January 10, 2022
Do I Really Need To Save Receipts?
When it comes to business and taxes, saving your receipts is one way to protect yourself and your business from the IRS. Does this mean you need to create space in your office for all the different folders, and eventually boxes, that will be filled with your receipts from the tax year? No. You may certainly choose to keep the physical paperwork if that is your preference, but in the event of an audit, you will most likely be asked to submit your proof digitally, so you may as well digitize it now, and save floor space for something other than file cabinets. Let’s answer that age old question “Do I really need to save receipts?”
Why should you keep a record of your receipts? Though tedious, saving your receipts can be helpful, especially in an audit setting. They show exactly what you bought, how much you spent, the sales tax, and even the date and time you bought the item(s). Not only is this great for tax purposes, it can also help you track your expenses month to month, year to year and can even assist you in increasing the profitability in your business.
Do you have to save every single receipt? No. Technically, any cash purchase under $75 you do not need to save the receipt for. However, we highly recommend that you save a digital copy of each and every receipt that is for your business (and personal if it translates to a tax deduction).
How to save your receipts electronically- I recommend taking a picture of or scanning the receipt you are going to use for business purposes. If you do this, make sure the receipt is legible and that you save the copy in more than one place, one of those being a cloud drive, before you throw the receipt away. While it is easier to take a receipt and throw it in a folder or a box, paper receipts will fade with time and eventually become illegible. They are also at the mercy of outside elements. While computers are as well, you can use a cloud drive to save your records so you can pull them up anywhere, regardless of what computer you are using. You should also keep a back up on something that you physically own as well, your computer or an external backup drive. Never reply on one single source to keep records safe, things happen and you do not want to find yourself with nothing when you need it most!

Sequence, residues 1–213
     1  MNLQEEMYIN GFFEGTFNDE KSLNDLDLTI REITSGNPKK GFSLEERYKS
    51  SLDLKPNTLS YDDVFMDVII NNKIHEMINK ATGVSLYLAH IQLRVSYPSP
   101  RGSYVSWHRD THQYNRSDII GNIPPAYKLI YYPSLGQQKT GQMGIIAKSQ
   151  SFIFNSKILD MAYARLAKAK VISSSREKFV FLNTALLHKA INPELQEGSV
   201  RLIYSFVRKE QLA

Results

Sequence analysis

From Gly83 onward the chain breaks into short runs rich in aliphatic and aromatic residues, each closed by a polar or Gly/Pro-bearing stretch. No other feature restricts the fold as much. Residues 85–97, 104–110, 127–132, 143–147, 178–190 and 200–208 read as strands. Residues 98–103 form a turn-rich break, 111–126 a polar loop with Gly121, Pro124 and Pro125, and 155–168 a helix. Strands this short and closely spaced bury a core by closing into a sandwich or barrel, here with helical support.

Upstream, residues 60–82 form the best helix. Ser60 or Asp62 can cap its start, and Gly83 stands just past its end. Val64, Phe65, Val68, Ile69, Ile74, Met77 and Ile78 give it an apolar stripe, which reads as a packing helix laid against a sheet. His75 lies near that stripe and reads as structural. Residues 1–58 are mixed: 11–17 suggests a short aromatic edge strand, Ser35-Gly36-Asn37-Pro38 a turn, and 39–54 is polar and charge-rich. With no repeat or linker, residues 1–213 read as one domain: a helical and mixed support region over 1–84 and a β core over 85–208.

The IRS offers guidance on electronic books and records in Revenue Procedure Code 97-22:
- Taxpayers can scan complete documents and store them electronically
- The taxpayer must ensure the integrity and reliability of the storage system
- The taxpayer must be able to reproduce legible and readable hardcopies
- All documents be accessible electronically
The taxpayer is responsible for making any backups of the data either electronically or hardcopies offsite
How long do I need to keep my receipts and records? According to the IRS, at least three years after the return is filed, possibly longer depending on your situation. You should save at least the last three years of tax returns, although we recommend for business owners at least five years. These previous year tax returns will help your tax preparer prepare the current year, if and when business assets are destroyed or sold, as well as could be helpful in an audit setting.
Here is what NOT to do when it comes to receipts and records:
- Don’t use your bank statements as your way of record keeping – bank statements do not show exactly what you bought, which is what an auditor will be looking for to determine if the receipt you wrote off was actually for business purposes.
- Don’t commingle business with personal – in other words, keep your business shopping separate from your personal. This is easier for you in the long run.
- Don’t save your receipts in the form of paper. Scan them and if you like, toss the paper, if you are audited by the IRS or a State Taxing authority, they will convert everything to digital anyhow. Mostly having a digital back up, especially at another location or in the cloud ensures that you will be ready for any questions any time!
Caution on using third party “apps” to store your data.
While some popular accounting apps such as QuickBooks Online offer the luxury of being able to snap a pic with your phone of a receipt “on the go” and having it captured in your accounting records, this should never be the only way you track and store your receipts. Customers data files have been completely lost in cyber space never to return, and no matter how big the company, sometimes there is nothing that can be done to get it back.
So go ahead and send it to your accounting program, but also take a moment to snap a pic in your phone to be saved to a drive at a later date “just in case”. Seriously when it comes to the tax man, it’s a best practice to be a little overcautious and diligent.
Want more information regarding recording keeping for tax purposes? Click here.
Here are some ideas of how to organize scanned receipts and turn them into reports:
- Choose a common format for each record: PDF, Excel, Word, HTML, Digital Images
- Create a standard naming convention for your records such as: Date, Vendor, Payment method, Category. i.e. 2022-05-11-Office Depot-Visa-Office Supplies
- Choose the sorting method: by Date, Amount, Vendor, Payment Type, or Tax/Accounting Category
- Personally my favorite is either save by month or quarter depending on the volume
At the end of the day, proper documentation is going to be what saves you from an unexpected tax liability because you didn’t save your evidence of valid deduction. So put in the extra work now to get organized and stay on top of things, that way you have nothing to worry about if you get selected for an audit. “No Change” audits happen often for taxpayers that are organized and prepared!